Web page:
Humidifier use and care

Duane Friend

Humidifiers are commonly used in homes to relieve the physical discomforts of dry nose, throat, lips and skin. The moisture they add to dry air also helps alleviate common nuisances brought on by winter heating. However, excess moisture can encourage the growth of biological organisms in the home. These organisms include dust mites and molds.

University of Illinois Extension and the U.S. Environmental Protection Agency says that the four main types of humidifiers are ultrasonic, which create a cool mist by means of ultrasonic sound vibrations; impeller, which produce a cool mist by means of a high speed rotating disk; evaporative, which transmit moisture into the air by using a fan to blow air through a moistened absorbent material; and steam vaporizers, which create steam by heating water with an electrical heating element or electrodes.

Proper care and cleaning of ultrasonic and impeller humidifiers are important for reducing potential exposures to microorganisms, such as bacteria and molds.

  • Empty the tank, wipe all surfaces dry and refill the water in portable humidifiers daily to reduce any growth of microorganisms. Be sure you unplug the unit from the electrical socket first.
  • Use water with low mineral content to prevent the buildup of scale and the dispersal of minerals into the air.
  • Clean portable humidifiers every third day. Empty the tank and use a brush or other scrubber to clean it. Wipe all surfaces dry. Again, be sure you unplug the unit.
  • Follow the manufacturer’s suggestions on the use of cleaning products or disinfectants. In the absence of specific recommendations, clean all surfaces coming in contact with water with a 3 percent solution of hydrogen peroxide. If you use any cleaning or disinfecting agent, rinse the tank thoroughly with several changes of tap water to prevent dispersal of chemicals into the air during use.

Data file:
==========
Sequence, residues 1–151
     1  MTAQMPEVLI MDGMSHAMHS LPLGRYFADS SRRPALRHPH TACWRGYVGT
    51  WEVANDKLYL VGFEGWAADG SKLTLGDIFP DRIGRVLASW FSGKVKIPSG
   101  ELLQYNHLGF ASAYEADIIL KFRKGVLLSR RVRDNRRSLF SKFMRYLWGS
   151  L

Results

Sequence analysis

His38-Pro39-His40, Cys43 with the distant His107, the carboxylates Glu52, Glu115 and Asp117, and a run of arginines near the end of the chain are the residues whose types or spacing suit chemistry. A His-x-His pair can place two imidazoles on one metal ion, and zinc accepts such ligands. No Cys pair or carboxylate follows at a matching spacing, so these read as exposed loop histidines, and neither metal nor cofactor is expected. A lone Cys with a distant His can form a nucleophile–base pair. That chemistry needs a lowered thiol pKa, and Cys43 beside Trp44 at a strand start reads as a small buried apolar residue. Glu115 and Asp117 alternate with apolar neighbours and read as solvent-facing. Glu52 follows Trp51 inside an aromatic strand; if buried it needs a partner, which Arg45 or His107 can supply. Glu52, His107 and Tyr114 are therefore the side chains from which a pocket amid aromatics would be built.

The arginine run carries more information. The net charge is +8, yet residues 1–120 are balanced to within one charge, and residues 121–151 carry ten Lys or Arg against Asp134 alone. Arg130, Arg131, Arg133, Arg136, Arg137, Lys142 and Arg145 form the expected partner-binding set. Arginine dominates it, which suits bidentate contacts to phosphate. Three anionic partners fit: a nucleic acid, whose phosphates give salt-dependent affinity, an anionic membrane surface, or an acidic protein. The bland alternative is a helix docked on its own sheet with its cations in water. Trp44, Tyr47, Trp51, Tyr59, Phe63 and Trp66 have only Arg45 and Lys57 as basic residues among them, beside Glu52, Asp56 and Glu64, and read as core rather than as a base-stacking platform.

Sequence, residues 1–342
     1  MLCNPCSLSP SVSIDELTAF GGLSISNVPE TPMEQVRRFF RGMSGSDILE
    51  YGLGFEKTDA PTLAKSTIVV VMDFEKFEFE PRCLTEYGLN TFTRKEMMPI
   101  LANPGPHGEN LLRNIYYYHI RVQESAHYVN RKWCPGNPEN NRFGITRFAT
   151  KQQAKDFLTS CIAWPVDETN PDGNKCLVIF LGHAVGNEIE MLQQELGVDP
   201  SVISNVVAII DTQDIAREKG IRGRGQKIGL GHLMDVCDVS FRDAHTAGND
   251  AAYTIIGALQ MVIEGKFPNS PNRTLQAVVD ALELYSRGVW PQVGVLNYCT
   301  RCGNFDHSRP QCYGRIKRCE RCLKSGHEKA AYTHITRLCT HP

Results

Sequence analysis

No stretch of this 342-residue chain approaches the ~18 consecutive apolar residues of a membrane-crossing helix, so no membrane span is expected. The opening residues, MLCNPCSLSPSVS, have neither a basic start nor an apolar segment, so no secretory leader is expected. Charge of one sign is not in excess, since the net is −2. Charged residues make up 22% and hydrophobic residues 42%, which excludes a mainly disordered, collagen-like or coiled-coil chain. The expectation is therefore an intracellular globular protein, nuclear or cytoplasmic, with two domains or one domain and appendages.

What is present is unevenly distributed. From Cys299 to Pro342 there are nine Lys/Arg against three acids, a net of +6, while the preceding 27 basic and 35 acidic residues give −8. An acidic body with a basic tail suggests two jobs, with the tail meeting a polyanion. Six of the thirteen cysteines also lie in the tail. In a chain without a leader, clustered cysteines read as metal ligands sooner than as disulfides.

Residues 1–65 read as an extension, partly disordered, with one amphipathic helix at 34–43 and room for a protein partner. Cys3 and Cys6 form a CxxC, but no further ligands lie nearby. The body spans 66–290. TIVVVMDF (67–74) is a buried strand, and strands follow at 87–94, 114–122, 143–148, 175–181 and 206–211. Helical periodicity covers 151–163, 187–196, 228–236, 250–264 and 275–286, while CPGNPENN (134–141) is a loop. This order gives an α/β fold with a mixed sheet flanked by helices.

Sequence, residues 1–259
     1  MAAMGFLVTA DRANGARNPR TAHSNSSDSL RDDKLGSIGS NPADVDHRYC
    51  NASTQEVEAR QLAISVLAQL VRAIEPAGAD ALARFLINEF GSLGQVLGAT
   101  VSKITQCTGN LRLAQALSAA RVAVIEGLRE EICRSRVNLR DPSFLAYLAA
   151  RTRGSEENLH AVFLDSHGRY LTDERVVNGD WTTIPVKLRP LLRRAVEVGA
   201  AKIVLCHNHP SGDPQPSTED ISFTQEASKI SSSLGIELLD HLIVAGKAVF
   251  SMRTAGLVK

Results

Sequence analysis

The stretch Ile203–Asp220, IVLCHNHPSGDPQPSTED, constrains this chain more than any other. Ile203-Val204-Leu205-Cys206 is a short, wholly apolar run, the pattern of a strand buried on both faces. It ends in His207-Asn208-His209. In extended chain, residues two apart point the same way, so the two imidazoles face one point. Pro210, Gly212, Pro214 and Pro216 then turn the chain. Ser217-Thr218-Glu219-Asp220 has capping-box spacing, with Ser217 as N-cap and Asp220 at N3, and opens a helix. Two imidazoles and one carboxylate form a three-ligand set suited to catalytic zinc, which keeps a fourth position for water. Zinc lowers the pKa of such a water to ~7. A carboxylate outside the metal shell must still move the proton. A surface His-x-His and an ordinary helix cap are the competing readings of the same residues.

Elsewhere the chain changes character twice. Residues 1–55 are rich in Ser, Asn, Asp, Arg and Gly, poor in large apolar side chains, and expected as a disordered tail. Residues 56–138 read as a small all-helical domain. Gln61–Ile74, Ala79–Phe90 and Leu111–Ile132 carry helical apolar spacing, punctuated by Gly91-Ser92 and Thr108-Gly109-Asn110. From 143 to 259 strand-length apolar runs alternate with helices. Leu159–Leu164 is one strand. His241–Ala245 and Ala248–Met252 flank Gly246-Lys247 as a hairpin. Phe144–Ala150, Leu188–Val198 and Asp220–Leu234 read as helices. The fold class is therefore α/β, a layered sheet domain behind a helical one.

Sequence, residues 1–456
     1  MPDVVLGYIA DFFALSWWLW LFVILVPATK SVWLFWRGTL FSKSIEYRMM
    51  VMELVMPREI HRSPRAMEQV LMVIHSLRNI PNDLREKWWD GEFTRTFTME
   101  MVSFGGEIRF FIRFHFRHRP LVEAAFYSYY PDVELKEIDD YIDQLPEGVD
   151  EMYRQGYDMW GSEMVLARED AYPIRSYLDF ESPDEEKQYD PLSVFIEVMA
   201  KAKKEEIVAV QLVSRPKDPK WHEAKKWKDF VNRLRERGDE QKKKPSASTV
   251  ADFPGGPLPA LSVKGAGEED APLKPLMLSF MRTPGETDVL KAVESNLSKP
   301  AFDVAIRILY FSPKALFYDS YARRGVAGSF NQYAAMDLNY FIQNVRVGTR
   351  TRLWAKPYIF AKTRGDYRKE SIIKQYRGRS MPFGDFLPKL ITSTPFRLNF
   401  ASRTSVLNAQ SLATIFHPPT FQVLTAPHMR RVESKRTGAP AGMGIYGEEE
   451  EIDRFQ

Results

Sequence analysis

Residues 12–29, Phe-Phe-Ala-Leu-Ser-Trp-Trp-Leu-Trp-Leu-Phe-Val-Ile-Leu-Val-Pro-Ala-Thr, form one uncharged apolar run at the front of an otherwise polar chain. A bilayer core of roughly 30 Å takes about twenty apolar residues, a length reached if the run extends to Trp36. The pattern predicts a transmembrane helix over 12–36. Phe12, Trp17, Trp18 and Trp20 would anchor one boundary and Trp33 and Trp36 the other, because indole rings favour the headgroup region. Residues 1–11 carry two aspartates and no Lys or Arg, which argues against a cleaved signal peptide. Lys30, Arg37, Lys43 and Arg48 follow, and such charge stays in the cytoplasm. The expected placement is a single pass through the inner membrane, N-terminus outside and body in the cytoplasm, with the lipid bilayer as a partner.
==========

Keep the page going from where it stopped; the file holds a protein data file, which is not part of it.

• Follow the manufacturer’s directions on cleaning and maintaining console and furnace mounted humidifiers. In particular, if the humidifier contains a tank, do not allow water to stand in the tank for extended periods of time, and keep the water clean.
  • Do not humidify to indoor relative humidity levels exceeding 50 percent. Higher humidity levels may encourage the growth of biological organisms in the home. If water condenses on windows, walls or pictures, either relocate the humidifier, lower its humidistat setting or reduce its use.
  • Do not permit the area around the humidifier to become damp or wet. If dampness occurs, turn the output volume of the humidifier down. If the humidifier output volume cannot be turned down, use the humidifier intermittently. Do not allow absorbent materials, such as carpeting, drapes or tablecloths, to become damp.
  • Follow the manufacturer’s instructions regarding the use, maintenance and replacement of any materials supplied with the humidifier. Use appropriate materials as recommended by the product manufacturer.
  • Clean the humidifier, as directed, at the end of the humidifying season or when the product will not be in frequent use. Before storage, make sure all the parts are dry. After storage, clean the unit again and remove any dust on the outside.
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About the author

Duane is an Educator with University of Illinois Extension in the Calhoun/Cass/Greene/Morgan/Scott unit.

View all articles by Duane Friend

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